Everyday Gardeners

Plant. Grow. Live.

Gardening Gloves

I’ll admit that I’m not a big fan of wearing gloves in the garden. I know I should to protect my hands from blisters, cuts, etc., but I’ve never really gotten in the habit.

blogglove1But this year I received a couple of samples that intrigued me. The first is the West Country Landscape glove. It caught my attention because it’s partially made from recycled soda bottles and also features Kevlar, which I recognize from television as being a product that some police body armor is made from. If it can stop a bullet, I’d think it could keep me from getting blisters. And it did.

bloggloves2The second glove I’ve only just received (this photo actually shows them sitting on my desk here at BHG headquarters). It’s the Cool Mud glove. I find this one fascinating because it contains an aloe additive and is supposed to moisturize my hands as I work in it. As gross as my hands can get after spending a day planting, pruning, and various other landscape tasks, I welcome the opportunity to keep them somewhat soft and clean.

I’d love to hear from you… Do you wear gloves while gardening? If so, do you have a favorite kind? Share your comments here!

4 Responses to “ Gardening Gloves ”

  1. Justin, yes, I learned to wear gloves a long time ago. They sure save wear and tear on your hands, esp. as you age. I used to just buy the cotton variety gloves, but all too often the index fingers would come out of those. I’ve also bought the ladies sized leather work gloves and they work very well. My favorites are now from Home Depot. They are a nylon type stretch with a solid palm. I’m sorry that I do not remember the brand, but they are relatively inexpensive – something like 4.99 per pair. I’ve washed mine repeatedly and they have put in a full year of total garden work and are still in good shape.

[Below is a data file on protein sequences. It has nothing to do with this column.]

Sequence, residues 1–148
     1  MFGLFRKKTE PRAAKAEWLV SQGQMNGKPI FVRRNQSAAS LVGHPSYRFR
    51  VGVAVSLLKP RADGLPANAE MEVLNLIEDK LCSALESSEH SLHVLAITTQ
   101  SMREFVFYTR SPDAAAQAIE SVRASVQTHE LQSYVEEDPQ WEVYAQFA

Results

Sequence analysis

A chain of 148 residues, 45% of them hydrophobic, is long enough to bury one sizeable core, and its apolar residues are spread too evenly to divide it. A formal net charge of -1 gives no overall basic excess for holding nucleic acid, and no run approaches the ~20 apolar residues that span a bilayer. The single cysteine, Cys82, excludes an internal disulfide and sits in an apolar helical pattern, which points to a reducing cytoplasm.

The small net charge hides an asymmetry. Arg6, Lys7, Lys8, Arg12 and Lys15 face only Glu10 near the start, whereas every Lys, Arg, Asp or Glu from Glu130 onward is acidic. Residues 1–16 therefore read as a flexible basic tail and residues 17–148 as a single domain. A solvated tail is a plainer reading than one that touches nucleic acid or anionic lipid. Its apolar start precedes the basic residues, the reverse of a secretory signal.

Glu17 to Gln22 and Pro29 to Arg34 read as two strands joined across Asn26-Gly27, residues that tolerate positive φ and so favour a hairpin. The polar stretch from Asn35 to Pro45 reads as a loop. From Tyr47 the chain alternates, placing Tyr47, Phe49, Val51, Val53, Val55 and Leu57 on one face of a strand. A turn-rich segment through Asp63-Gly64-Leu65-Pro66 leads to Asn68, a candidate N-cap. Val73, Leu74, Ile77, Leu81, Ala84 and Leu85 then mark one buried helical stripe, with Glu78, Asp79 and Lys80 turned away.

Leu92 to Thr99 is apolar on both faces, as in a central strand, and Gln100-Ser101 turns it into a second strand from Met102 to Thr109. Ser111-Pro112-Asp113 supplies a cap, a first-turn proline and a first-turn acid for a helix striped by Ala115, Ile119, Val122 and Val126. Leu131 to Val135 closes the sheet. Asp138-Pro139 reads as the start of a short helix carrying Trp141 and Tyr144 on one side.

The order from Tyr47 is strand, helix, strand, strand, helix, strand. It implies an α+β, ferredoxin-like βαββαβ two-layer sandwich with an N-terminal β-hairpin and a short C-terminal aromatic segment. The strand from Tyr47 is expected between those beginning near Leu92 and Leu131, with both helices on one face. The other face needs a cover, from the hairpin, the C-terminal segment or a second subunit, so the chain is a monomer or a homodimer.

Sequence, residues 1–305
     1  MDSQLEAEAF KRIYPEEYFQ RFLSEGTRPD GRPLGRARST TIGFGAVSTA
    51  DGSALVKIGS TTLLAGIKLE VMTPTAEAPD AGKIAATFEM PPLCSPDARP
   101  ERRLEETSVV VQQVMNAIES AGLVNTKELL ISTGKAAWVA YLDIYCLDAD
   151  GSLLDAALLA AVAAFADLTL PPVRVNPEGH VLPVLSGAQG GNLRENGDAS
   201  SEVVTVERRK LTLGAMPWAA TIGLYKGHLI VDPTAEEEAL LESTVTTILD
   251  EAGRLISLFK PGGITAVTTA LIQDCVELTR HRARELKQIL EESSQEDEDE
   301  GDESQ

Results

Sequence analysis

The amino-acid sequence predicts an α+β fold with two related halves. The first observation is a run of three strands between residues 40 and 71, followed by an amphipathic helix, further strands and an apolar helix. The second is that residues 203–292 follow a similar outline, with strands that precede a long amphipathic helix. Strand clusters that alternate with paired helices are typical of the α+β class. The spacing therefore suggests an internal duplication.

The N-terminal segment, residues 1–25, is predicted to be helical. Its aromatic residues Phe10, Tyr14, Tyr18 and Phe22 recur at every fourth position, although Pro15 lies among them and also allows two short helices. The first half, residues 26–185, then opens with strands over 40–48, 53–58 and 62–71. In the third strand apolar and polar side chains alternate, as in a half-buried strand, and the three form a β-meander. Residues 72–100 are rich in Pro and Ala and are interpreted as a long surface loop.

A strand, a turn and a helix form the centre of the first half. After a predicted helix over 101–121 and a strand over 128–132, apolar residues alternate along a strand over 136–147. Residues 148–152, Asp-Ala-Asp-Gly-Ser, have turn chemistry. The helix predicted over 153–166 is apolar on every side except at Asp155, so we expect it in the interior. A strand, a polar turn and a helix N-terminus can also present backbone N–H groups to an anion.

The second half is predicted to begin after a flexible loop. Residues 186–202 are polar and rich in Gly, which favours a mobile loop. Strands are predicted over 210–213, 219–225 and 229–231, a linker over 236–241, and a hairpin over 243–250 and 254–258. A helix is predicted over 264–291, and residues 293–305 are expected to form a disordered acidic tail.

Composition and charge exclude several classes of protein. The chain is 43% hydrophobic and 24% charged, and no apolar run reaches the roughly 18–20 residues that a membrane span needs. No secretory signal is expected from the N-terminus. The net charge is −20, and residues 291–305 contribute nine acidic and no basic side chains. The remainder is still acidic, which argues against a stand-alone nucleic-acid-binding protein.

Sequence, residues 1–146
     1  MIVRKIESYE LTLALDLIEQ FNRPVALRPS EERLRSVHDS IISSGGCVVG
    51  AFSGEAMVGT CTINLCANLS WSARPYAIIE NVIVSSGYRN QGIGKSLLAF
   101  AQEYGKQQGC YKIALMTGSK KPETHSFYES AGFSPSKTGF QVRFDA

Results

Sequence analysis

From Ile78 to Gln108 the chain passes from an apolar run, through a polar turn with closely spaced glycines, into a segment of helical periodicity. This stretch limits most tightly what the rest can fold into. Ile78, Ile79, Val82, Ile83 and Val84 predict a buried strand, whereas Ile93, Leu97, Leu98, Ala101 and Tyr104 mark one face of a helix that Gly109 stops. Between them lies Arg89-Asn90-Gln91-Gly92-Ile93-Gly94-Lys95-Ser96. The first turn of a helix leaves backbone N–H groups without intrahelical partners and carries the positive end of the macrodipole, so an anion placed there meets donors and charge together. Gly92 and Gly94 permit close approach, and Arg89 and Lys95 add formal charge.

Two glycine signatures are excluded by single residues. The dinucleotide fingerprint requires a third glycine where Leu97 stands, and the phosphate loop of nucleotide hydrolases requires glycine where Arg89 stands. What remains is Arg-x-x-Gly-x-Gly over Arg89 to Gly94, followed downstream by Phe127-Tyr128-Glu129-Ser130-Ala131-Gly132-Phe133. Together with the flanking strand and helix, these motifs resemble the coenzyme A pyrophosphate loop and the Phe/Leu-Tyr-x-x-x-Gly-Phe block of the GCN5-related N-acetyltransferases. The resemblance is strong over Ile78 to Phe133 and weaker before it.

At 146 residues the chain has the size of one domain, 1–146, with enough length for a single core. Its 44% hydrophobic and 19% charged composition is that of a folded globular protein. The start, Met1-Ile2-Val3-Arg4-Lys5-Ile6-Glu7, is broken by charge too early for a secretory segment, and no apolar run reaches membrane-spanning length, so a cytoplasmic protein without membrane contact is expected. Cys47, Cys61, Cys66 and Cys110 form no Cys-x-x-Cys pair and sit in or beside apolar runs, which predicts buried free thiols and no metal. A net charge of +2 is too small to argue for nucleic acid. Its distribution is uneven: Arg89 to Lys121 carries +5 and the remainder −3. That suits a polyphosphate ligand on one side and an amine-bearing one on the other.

Your new samples look interesting, esp. the first pair. Being made from recycled plastic tells me they should be long lasting and the index finger should last the life of the glove. Comfort and fit are important too.

    Thanks for the article.

    v. campbell

  2. I don’t. I know I should, and frequently will try. Mostly without success. Sometimes I start out with gloves only to take them off because I can’t properly weed or grip with gloves. There are exceptions. I try, but sometimes fail to use gloves when pruning Mesquite and Palo Verde trees (both VERY thorny)
    As gross as it might sound, I love the feeling of fresh dirt on my hands.

  3. I’ve never been a fan of gloves either. Sure, I’ll pull the leather ones out when I’m trimming the roses, but I’ve got to feel the soil when I’m planting, and get a good grasp on the shovel when I’m digging.

    That being said, I’m extremely intrigued by the Cool Mud glove. LOVE the idea of dipping my hands into the comforts of aloe.

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